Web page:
Visionary photographer and filmmaker Honey Lee Cottrell died at age 69 due to pancreatic cancer on September 21.
Cottrell co-founded the lesbian erotica magazine On Our Backs in the 1980s.
“Cottrell revolutionized the female nude, validated women’s right to pleasure, and opened possibilities for women to see themselves and their desires in new ways through her engagement in a variety of feminist, artistic and sex education projects,” her partner Susie Bright said in a Facebook obituary.
Cotrell’s idea behind the magazine was not to be “the regular kind of centerfold, but something that will make a difference, shake people up, show the other side of the mirror.”
Born in Astoria, Oregon, in 1946, the eldest of two children, she grew up in Michigan. After completing a year at Michigan State University in 1964-65, Lee worked for at the Technicolor photo processing lab. As she later discovered, a number of lesbians were working there, having discovered it was a fairly safe place for butch women to work.
Lee was invited to visit one of these women, Harriet DeVito, who had moved to New York City, and then ended up driving across country with her to California in 1966. Along the way, Lee discovered what her feelings for women meant to her, and Harriet became her first lover.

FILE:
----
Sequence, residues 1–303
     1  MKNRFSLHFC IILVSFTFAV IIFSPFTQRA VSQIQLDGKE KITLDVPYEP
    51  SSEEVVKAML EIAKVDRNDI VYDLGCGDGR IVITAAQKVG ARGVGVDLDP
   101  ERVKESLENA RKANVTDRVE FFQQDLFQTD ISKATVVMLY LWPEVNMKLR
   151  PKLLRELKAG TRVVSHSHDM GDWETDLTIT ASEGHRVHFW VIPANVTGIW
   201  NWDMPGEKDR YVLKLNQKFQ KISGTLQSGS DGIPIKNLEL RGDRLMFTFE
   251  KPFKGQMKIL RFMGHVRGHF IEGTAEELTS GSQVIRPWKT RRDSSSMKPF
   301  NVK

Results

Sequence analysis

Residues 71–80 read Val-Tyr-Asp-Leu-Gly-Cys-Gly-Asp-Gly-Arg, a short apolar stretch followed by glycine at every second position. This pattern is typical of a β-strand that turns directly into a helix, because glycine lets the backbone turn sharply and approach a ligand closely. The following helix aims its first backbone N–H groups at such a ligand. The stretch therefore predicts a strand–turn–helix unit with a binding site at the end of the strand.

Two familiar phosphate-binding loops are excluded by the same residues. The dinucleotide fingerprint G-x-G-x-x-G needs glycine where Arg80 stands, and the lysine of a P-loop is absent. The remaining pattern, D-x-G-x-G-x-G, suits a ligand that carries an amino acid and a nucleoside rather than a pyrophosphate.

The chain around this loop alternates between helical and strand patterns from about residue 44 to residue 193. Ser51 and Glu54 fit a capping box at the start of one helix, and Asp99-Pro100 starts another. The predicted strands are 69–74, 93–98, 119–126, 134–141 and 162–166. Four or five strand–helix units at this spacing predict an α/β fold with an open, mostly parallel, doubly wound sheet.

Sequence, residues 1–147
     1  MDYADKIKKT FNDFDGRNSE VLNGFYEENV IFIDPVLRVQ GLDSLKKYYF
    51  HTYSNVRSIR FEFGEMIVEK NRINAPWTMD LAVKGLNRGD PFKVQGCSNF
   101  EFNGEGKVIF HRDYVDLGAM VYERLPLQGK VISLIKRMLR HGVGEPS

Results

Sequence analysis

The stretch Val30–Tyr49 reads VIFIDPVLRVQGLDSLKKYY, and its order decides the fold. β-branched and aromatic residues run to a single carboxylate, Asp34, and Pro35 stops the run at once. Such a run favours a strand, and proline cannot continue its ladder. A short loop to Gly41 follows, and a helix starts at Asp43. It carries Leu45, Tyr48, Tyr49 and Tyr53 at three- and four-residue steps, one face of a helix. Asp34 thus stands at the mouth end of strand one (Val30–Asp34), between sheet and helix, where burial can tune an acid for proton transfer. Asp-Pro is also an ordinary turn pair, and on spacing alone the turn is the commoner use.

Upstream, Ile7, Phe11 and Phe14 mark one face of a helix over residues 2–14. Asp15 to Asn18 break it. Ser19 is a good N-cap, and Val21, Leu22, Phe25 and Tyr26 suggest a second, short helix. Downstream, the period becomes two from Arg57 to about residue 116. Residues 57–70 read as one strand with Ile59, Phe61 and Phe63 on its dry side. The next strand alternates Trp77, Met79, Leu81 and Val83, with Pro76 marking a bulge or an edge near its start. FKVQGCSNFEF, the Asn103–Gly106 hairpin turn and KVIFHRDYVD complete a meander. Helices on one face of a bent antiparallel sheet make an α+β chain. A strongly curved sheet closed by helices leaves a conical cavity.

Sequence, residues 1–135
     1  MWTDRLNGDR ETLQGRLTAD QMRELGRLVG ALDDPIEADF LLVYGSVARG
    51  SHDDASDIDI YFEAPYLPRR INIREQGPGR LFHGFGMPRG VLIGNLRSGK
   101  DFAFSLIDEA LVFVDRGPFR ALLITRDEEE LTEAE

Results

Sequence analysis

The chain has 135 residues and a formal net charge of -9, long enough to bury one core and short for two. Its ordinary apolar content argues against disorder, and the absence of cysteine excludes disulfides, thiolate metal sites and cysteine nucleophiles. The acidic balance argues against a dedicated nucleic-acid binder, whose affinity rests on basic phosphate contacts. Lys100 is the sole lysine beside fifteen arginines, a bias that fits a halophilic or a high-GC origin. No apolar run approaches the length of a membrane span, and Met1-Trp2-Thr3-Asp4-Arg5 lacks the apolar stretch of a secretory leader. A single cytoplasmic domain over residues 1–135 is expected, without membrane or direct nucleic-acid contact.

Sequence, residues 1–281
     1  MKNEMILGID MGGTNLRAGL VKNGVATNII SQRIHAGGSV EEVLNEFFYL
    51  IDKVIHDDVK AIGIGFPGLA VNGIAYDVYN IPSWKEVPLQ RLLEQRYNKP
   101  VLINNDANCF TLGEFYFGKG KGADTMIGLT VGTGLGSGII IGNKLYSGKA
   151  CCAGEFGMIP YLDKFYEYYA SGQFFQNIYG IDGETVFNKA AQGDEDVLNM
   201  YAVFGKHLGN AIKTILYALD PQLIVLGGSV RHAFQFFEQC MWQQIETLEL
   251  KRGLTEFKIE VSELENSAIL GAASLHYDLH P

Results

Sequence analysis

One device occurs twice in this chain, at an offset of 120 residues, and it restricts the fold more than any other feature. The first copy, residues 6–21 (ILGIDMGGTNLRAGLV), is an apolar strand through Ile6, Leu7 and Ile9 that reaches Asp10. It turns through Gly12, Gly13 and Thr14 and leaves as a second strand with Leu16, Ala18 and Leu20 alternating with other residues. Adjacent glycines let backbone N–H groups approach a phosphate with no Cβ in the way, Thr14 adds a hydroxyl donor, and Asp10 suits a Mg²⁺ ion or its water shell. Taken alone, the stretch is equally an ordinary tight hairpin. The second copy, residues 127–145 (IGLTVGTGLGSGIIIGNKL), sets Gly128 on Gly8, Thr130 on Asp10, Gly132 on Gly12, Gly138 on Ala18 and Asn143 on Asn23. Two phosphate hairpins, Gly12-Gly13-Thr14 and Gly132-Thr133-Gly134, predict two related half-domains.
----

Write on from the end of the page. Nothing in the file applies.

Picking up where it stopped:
Once she arrived in San Francisco, she made it her home and became deeply involved in the creative lesbian community of artists, photographers, and film-makers in the Bay Area, as well as the progressive sex education activists. She opened her apartment on Bessie Street to friends and artists, helping find jobs and shelter for people in need.
In order to support her work as an artist, Cottrell worked as a member of the Marine Cooks and Stewards and as a banquet waiter in Hotel and Restaurant Employees Union when she first moved to San Francisco in 1966.
In 1978 Cottrell co-authored a feminist book celebrating masturbation called I Am My Lover. She was also an early member of the Gay Lesbian History Project in San Francisco. Her photographs have been in many galleries including the N.A.M.E. Gallery in Chicago.
“The lesbian gaze meant that there was contemplation,” she said. “A restraint, a sincerity and a warrior-quality. This lesbian look was compelling. While your heterosexual woman model might compel the rest of the world to look at her, a lesbian was addressing you.”
In 1981, Lee received a BA in film studies from San Francisco State University. She was director and camera for Sweet Dreams starring Pat Califia (National Sex Forum, 1980), and from 1985 to the early 90s, a cinematographer for Fatale Video, the first lesbian-created erotic movie company.
Cottrell died at her family home in Santa Cruz, survived by her mother, brother, daughter, and life companions.